The issue is literally taking shape. That is good news of course, but as the finalization is nearing, the patterns behind voluntary and involuntary choices become clearer. It means that a increasincgly clear picture is emerging of what V51 is and will be as a whole.
Our own approach to the field is also becoming evident to ourselves, witnessing a file rouge emerging between pragmatic and speculative contributions, projects and poems, images and diagrams.
The picture is so far one of balance: neither pessimistic nor optimistic, going beyond techno-utopian and anxious-dystopian.
But balance does not equal homogeneity nor neutrality, and that is why the issue includes radically different viewpoints and sometimes extreme perspectives. The common denominator between them being the will not only to reflect on technology but to think with technology in order to make propositions for the present and to envision future scenarios.
But, as we found out, balancing is no easy task. Think about what happened to Joshua Brown in May 2017. Brown was a fervent enthusiast of Tesla, Elon Musk’s automobile brand, to the point that he became almost a public figure in his own niche. As you probably read Tesla model S comes with Autopilot, a technology that helps the driver, for instance, staying in the right lane or changing it if needed. Although that does not make model S a driver-less car, Tesla advertised the new technology implying that it gets really close to that height – think about the name they chose for instance. What happened is that Brown was driving on a highway in Florida when the Autopilot erroneously changed the lane making the car crash against a semitrailer truck. The accident was fatal for him.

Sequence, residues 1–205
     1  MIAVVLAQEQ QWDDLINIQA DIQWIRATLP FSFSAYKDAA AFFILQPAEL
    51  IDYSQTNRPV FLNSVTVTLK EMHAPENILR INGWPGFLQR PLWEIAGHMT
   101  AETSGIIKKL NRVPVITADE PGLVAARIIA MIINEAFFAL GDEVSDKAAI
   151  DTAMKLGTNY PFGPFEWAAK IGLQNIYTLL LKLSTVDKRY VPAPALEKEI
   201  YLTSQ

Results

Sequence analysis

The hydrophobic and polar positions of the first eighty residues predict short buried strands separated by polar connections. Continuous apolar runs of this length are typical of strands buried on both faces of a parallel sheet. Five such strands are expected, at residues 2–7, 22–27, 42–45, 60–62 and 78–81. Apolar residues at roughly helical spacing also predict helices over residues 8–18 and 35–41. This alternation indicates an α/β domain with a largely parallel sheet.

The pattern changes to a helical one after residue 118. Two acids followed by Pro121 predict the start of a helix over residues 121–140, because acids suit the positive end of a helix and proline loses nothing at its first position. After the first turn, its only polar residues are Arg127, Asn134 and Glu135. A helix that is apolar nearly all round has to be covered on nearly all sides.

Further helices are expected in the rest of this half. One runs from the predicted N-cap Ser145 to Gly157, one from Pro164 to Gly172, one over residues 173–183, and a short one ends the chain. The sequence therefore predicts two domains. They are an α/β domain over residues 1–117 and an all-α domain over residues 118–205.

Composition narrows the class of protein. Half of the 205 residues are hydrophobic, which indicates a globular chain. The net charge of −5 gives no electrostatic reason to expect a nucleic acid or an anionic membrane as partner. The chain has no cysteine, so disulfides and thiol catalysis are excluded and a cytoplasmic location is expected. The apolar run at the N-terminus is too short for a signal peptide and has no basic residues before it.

Brown was overconfident in the technology he was provided with and probably the optimistic advertisement by Tesla mislead him. Autopilot as a technology was embraced both by the brand and by the driver with too much enthusiasm and that proved itself to be a dangerous approach.
But at the same time, not buying a Tesla or not carefully trying Autopilot, does not represent a helpful approach to the technological reality we live in either.
Perhaps Brown’s story can work as a cautionary tale, but technological progress will not slow down because of it (surely not Tesla) and we, as cultural agents, either keep the pace with it or keep ourselves busy with the forensic of what already happened.